The Korean government acknowledges that people-to-people exchanges and mutual understanding creates a sound foundation for a solid partnership between the two sides. As one saying goes, you must know each other to really love each other. Therefore, Korea places great importance on enhancing two-way cooperation and exchange, one good example being Korea’s initiative to open the ASEAN Culture House in Busan in August this year.

Last but not least, Korean communities in ASEAN member states are becoming more and more vibrant, while the ASEAN community in Korea is also increasingly becoming bigger and more active. The people of ASEAN have already become members of the Korean society through their work, studies, family, and so on.

Our peoples work together, live together, and work to prosper together. ASEAN-Korea relations should take another step from just seeking benefits from each other, toward sharing a common destiny. Such efforts are still a progress in the making, but this is the future of the ASEAN-Korea partnership.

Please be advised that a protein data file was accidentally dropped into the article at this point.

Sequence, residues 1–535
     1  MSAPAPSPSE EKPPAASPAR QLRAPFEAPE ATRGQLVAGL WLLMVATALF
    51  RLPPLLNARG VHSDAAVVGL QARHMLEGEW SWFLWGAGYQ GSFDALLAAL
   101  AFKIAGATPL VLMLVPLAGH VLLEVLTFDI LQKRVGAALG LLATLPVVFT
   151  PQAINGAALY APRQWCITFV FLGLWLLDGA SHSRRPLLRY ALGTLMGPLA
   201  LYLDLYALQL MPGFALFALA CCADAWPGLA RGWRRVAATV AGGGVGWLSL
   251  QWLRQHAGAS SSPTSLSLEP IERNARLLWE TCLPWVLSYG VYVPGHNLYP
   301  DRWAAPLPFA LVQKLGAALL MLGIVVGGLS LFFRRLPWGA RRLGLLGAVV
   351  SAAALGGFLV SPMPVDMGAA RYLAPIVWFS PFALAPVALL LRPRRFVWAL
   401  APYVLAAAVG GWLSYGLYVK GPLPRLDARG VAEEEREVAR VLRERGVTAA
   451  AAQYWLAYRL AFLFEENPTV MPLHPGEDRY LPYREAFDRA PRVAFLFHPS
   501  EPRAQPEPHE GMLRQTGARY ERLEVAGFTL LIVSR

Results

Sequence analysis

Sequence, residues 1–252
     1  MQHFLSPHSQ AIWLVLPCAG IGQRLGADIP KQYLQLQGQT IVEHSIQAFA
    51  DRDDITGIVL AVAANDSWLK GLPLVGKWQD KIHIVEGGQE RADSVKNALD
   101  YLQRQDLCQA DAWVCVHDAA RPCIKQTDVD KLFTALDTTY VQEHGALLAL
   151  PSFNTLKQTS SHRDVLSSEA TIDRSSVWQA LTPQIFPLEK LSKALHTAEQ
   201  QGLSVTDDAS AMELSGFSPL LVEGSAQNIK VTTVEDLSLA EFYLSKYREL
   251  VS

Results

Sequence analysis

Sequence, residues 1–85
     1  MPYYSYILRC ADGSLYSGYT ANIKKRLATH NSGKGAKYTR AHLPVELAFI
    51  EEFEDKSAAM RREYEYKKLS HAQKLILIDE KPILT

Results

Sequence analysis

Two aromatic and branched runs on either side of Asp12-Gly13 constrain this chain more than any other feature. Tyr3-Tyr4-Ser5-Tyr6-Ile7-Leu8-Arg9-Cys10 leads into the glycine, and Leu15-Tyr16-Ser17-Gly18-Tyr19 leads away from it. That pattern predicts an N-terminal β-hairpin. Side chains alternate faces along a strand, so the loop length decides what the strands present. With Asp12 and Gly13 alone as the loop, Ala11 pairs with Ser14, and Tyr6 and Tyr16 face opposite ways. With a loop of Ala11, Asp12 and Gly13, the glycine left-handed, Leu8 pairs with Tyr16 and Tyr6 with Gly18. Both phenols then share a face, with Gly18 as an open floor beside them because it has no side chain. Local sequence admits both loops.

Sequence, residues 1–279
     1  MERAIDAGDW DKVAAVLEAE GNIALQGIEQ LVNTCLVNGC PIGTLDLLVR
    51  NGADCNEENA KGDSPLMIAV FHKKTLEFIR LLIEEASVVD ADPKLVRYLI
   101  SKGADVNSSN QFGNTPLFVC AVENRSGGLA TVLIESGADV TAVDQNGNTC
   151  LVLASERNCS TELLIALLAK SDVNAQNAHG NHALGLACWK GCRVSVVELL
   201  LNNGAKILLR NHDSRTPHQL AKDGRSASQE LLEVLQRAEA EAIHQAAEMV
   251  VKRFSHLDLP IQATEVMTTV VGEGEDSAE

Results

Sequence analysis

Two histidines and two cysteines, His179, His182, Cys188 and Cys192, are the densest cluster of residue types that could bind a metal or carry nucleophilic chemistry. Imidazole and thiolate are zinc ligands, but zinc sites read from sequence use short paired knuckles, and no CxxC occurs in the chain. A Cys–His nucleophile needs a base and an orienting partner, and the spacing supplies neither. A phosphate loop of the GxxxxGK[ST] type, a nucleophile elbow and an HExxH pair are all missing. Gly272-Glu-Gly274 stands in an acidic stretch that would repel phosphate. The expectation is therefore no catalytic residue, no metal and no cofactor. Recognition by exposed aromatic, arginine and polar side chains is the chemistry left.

ASEAN and Korea need to acknowledge that we have a common destiny. It is time that the two sides take another leap in their journey together toward their shared goals. It is certain that this will not only contribute to the development of ASEAN and Korea, but also to the stability and prosperity of the whole region.


By Kim Young-sun

Kim Young-sun, a former Korean ambassador to Indonesia, is secretary-general of the ASEAN-Korea Center in Seoul. -- Ed.